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Are teachers getting younger? The state of the school workforce and its impact on teaching methods

Teachers might be getting younger, but modern teaching methods are just an evolution of traditional learning techniques.

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Established educators often note that the school workforce is increasingly filled with inexperienced young teachers, fresh from university. At the same time, the media reports concerning stories of more and more teachers being driven out of the profession, often due to long hours and low pay. So, is either true? And if so, what is the impact on pedagogy and teaching methods?

Most importantly, are we slowly losing the valuable experience of our older teachers? Or does an influx of younger NQTs, championing the use of interactive and digital edtech tools facilitate a more modern, collaborative classroom?

More full-time teachers

A quick look at some data insights helps separate facts from headlines. According to the UK Department for Education, between 2015 and 2016 the total number of full-time equivalent teachers increased slightly from 456.9 thousand to 457.3 thousand.

The bottom line the rate of entry into teaching has remained higher than the percentage of qualified teachers leaving the profession.

According to the same report, however, the total number of full time qualified entrants to teaching has decreased from 45,120 to 43,830. The teaching profession overall is indeed witnessing a marginal downturn year-on-year.

Teachers are getting younger

While there’s a decrease in newly qualified teachers entering the workforce, the reports are correct UK teachers are getting younger. In 2010, 23% of full-time teachers were under the age of 30. Last year this figure was 2% higher.

There are real concerns in the industry that our most experienced teachers are taking early retirement following changes to pensions, and concerns over worsening pupil behaviour. More telling, then, is the drop in numbers of teachers between the ages of 50 and 60. Last year, only 15.6% of full-time teachers were aged 50 to 60, 6.1% less than in 2010.

It’s not just the wider workforce of teachers, either. There are now over 100 UK schools with head teachers in their 20s. In fact, the number of headteachers under the age of 30 has risen by three-quarters since 2010, while the number of newly appointed heads over 54 has fallen by a quarter. The Times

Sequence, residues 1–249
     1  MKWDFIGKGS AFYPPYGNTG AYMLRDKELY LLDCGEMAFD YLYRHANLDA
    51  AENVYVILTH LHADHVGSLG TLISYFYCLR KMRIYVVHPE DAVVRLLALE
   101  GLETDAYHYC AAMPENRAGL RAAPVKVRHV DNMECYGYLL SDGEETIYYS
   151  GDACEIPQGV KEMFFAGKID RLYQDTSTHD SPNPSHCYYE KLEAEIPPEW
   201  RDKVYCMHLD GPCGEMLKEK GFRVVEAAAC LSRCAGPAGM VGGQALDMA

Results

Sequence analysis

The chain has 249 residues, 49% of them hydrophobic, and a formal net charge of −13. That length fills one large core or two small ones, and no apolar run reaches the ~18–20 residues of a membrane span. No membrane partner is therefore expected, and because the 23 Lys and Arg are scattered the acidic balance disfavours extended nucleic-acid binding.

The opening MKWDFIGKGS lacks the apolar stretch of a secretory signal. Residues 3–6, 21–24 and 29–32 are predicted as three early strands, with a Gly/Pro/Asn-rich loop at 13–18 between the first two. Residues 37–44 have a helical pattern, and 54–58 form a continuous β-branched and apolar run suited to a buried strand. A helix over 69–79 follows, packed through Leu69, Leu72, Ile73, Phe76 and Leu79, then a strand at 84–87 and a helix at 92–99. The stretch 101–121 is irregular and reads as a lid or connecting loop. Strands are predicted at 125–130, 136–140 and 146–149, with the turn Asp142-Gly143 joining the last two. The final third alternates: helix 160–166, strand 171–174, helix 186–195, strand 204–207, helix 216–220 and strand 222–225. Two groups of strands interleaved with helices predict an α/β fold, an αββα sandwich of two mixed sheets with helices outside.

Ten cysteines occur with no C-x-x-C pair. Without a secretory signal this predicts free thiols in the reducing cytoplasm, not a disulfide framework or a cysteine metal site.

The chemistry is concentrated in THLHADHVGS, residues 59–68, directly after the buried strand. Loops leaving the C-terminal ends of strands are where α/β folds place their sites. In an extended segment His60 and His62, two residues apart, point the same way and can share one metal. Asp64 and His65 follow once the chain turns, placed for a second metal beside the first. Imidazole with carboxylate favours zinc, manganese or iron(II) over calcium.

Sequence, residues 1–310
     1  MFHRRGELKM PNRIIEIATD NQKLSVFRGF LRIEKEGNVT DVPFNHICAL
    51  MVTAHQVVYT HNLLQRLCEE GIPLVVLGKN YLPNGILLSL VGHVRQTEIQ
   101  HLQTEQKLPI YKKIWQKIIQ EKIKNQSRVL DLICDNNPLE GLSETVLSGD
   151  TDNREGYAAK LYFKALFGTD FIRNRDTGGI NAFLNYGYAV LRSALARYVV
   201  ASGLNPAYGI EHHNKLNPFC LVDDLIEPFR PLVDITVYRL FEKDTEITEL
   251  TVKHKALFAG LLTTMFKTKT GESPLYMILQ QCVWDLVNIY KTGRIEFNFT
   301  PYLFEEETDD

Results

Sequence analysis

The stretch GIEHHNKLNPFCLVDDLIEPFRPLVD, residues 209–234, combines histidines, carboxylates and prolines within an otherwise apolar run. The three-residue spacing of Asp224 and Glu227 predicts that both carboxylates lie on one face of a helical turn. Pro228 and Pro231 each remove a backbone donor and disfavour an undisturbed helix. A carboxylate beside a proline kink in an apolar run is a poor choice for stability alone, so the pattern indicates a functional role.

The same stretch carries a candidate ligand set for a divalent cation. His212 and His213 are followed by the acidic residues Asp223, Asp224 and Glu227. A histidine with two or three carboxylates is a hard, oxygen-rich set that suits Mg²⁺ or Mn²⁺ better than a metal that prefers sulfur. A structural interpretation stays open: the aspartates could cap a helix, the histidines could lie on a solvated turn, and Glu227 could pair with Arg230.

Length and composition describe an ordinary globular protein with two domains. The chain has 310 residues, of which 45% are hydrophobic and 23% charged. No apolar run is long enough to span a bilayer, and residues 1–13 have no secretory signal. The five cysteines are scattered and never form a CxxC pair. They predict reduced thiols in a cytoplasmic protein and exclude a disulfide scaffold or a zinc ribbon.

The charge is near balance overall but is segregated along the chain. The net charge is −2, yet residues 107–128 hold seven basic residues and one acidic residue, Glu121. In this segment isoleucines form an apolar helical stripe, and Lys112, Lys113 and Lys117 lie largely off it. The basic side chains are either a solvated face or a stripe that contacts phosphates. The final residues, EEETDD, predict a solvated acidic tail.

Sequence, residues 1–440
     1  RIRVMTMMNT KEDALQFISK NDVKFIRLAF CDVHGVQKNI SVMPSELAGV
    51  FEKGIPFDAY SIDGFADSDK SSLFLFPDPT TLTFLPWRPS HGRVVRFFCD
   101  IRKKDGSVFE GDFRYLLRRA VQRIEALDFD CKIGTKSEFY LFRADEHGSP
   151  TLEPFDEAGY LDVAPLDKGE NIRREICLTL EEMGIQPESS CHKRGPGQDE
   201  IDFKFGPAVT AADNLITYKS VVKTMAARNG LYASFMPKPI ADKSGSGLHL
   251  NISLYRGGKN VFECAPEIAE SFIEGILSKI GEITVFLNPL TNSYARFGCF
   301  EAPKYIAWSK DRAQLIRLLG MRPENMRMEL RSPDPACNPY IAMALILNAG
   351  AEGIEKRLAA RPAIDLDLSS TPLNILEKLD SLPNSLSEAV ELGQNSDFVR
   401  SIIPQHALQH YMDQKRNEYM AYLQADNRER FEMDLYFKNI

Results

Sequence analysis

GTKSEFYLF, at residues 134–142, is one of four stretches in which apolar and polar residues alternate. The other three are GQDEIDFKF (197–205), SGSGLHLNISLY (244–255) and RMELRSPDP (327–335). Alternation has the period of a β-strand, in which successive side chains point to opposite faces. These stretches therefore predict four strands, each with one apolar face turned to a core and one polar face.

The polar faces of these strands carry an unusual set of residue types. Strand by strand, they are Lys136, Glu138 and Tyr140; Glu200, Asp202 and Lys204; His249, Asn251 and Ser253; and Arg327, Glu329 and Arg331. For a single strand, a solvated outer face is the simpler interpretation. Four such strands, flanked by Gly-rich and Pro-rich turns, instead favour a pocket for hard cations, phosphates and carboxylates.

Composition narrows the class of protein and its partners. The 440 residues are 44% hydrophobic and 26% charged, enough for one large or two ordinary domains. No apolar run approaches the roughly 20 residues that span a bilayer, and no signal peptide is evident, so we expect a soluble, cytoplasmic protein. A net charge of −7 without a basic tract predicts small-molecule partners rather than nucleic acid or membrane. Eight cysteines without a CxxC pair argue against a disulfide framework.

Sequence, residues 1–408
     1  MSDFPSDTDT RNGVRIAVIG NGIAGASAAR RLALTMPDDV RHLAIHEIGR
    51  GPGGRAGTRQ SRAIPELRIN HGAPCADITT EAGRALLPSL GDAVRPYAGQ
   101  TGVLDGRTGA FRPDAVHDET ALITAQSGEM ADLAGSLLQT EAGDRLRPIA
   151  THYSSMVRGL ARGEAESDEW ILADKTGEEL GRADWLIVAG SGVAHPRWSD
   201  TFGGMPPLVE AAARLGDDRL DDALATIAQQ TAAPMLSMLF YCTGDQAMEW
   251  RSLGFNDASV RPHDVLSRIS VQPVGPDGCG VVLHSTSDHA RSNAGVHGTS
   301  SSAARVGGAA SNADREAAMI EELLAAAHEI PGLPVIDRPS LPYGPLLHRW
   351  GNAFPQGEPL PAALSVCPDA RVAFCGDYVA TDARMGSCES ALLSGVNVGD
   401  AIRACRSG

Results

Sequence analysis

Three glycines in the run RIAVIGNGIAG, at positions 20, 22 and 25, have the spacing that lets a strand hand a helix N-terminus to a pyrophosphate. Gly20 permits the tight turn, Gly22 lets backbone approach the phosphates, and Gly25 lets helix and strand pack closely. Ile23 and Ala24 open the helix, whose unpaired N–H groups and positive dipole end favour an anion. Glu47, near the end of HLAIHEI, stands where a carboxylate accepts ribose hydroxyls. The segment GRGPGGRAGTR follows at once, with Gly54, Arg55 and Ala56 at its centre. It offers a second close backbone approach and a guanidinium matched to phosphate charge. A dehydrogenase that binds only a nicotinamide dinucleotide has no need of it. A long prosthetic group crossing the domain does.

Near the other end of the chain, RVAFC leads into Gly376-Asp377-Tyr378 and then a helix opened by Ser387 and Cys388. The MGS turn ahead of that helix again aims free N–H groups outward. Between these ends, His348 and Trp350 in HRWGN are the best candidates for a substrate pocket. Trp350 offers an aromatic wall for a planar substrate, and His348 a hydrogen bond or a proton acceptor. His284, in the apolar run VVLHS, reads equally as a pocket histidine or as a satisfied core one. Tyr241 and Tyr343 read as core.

So, there is certainly a shift in the the education workforce age. In fact, teachers in the UK are now among the youngest in the world. The OECD’s annual education study indicates that almost half of UK teachers in secondary schools are under 40, compared to the global average of 36%.

“The relatively young teaching force in the UK stands in stark contrast to the situation in many European countries where inflexible employment conditions coupled with declining youth populations have led to ageing teacher populations.”
The OECD

More edtech in the classroom

A growing number of younger heads and other members of the SMT in schools means more than a modernisation of learning techniques and teaching methods we’ve seen a holistic cultural shift in the sector.

Younger teachers have a natural affinity with digital learning and interactive platforms. They promote the use of differentiated teaching and pupil self-management, and believe in engaging pupils with interactive, auditory and sensory experiences.

With a younger workforce overall, schools are also embracing technology to streamline processes around teacher/parent feedback and resource sharing. Education institutions are gradually catching up with private businesses with a reduction of paper trails, more cloud-based infrastructures and increasingly digital workflows.

Not to mention that pupils are more tech-savvy, so there’s a pressure on all teachers to keep up with latest digital tools just to match them. Newly qualified teachers aren’t necessarily better teachers, they are just more in touch with the tools that engage our digitally native children.

But where does that leave the wealth of experience we’ve gained from our older teachers? Are we losing traditional learning techniques in favour of digital tools and apps? Are we eventually going to lose teachers to technology?

Technology can never replace teachers

More experienced teachers can spot longer term trends and have witnessed the rise and fall of curriculums. Young teachers, without decades of industry experience, may not realise that their modern teaching methods are simply an evolution of the tried-and-tested learning techniques.

Digital platforms like ClassFlow enhance traditional teaching methods, rather than replace them. Educational tools can be used to maximise learning, increase pupil personalisation and ultimately give teachers back some precious time to focus on learning rather than planning, marking and assessment.

The result is more engaged pupils, better school results and more fulfilled teachers, whether they are newly qualified to the school workforce, or possess a valuable wealth of pedagogical experience that is becoming less and less common in the modern classroom.